Mount Hood:
[October 31, 1843] ... The early morning was very clear, and the stars bright; but, as usual since we are on the Columbia, clouds formed immediately with the rising sun. The day continued fine, the east being covered with scattered clouds, but the west remaining clear; showing the remarkable cone-like peak of Mount Hood brightly drawn against the sky. This was in view all day in the southwest, but no other peaks of the range were visible. ...

[November 1, 184] ... Mount Hood is glowing in the sunlight this morning, and the air is pleasant ...

Mount Hood and Mount St. Helens:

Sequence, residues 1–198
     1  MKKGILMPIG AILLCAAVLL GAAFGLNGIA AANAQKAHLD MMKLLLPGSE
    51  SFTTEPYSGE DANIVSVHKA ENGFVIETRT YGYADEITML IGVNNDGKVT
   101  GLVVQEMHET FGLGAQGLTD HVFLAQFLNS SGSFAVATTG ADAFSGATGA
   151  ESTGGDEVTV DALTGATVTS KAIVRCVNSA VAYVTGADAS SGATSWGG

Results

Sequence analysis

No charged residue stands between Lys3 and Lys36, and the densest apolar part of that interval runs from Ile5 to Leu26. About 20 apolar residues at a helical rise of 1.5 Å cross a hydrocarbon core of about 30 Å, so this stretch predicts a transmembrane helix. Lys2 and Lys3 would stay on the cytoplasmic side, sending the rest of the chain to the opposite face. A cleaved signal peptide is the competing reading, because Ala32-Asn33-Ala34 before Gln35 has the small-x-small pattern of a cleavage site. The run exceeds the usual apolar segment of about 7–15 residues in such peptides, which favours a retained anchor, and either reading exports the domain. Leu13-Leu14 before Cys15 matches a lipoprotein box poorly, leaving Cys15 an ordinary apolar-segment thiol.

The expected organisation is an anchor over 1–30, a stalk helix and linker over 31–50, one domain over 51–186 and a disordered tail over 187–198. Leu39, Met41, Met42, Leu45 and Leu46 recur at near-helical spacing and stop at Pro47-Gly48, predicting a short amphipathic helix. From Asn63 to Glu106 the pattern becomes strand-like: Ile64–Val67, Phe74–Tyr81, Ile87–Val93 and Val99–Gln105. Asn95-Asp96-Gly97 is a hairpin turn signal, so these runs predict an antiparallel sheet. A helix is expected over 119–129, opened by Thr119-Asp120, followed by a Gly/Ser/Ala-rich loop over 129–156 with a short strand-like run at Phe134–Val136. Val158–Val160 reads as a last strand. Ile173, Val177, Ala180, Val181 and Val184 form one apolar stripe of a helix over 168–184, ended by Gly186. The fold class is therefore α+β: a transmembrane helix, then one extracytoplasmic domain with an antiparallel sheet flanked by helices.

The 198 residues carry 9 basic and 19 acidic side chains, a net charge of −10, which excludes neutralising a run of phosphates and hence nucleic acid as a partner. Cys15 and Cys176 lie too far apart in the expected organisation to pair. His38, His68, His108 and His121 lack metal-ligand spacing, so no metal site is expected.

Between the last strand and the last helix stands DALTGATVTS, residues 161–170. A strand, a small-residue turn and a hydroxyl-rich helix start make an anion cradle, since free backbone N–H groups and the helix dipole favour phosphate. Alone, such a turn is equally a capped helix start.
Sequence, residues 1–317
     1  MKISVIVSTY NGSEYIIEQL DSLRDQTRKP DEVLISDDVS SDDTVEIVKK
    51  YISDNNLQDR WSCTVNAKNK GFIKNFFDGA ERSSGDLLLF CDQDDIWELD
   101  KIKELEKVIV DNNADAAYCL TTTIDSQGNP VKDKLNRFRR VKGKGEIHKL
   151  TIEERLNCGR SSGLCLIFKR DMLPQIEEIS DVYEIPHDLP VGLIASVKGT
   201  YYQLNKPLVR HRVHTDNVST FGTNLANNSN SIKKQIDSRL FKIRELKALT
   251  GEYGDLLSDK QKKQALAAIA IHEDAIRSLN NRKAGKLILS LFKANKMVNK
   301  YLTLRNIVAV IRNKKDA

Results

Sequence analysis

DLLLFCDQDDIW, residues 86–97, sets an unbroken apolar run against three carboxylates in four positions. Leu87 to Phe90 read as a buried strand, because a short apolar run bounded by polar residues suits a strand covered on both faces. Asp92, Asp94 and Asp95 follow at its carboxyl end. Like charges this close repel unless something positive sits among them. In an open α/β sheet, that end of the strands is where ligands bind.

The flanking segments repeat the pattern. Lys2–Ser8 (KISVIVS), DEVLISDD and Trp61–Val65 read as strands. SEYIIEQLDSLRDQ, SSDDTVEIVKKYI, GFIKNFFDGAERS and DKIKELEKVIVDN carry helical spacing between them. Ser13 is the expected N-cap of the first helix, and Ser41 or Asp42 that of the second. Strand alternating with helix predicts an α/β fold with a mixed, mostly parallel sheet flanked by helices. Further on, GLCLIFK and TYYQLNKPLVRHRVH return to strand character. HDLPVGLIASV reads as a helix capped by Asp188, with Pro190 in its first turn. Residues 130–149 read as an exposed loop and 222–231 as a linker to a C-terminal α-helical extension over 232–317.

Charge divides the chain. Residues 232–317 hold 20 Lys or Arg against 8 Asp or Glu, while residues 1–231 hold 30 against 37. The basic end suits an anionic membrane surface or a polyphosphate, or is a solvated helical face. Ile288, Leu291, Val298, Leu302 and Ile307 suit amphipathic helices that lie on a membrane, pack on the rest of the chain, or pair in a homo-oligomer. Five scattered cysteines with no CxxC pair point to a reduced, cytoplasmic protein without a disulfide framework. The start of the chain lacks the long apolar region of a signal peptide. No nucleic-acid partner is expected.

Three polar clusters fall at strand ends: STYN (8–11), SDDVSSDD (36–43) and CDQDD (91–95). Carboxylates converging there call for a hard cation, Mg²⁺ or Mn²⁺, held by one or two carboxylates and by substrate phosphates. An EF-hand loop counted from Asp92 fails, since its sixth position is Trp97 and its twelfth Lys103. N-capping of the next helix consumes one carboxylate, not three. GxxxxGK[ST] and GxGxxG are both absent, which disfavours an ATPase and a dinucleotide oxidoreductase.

[November 7, 1843 ... or the 8th ???] ... After an early breakfast, at daylight we resumed our journey, the weather being clear and beautiful, and the river smooth and still [Fremont has left his group and is in a canoe journeying down the Columbia River to Fort Vancouver]. On either side the mountains are all pine-timbered, rocky, and high. We were now approaching one of the marked features of the lower Columbia, where the river forms a great cascade [today the Bonneville Dam/Cascade Locks area], with a series of rapids, in breaking through the range of mountains to which the lofty peaks of Mount Hood and St. Helens belong, and which rise as great pillars of snow on either side of the passage. The main branch of the Sacramento river, and the Tlamath, issue in cascades from this range; and the Columbia, breaking through it in a succession of cascades, gives the idea of cascades to the whole range; and hence the name of the CASCADE RANGE, which it bears, and distinguishes it from the Coast Range lower down. In making a short turn to the south, the river forms the cascades in breaking over a point of agglomerated masses of rock, leaving a handsome bay to the right, with several rocky pine-covered islands, and the mountains sweep at a distance around a cove where several small streams enter the bay. In less than an hour we halted on the left bank, now about five minutes walk above the cascades, where there were several Indian huts, and where our guides signified it was customary to hire Indians to assist in making the portage. ... This portage makes a head of navigation, ascending the river. It is about two miles in length; and above, to the Dalles, is 45 miles of smooth and good navigation. We glided on without further interruption between very rocky and high steep mountains, which sweep along the river valley at a little distance, covered with forests of pine, and showing occasionally lofty escarpments of red rock. Nearer, the shore is bordered by steep escarped hills and huge vertical rocks, from which the waters of the mountain reach the river in a variety of beautiful falls, sometimes several hundred feet in height. Occasionally along the river occurred pretty bottoms, covered with the greenest verdure of the spring. ... A few miles below the cascades we passed a singular isolated hill [Beacon Rock]; an in the course of the next six miles occurred five very pretty falls from the heights on the left bank, one of them being of a very picturesque character [possibly Multnomah Falls]; an towards sunset we reached a remarkable point of rocks, distinguished, on account of prevailing high winds, and the delay it frequently occasions to the canoe navigation, by the name of Cape Horn. ...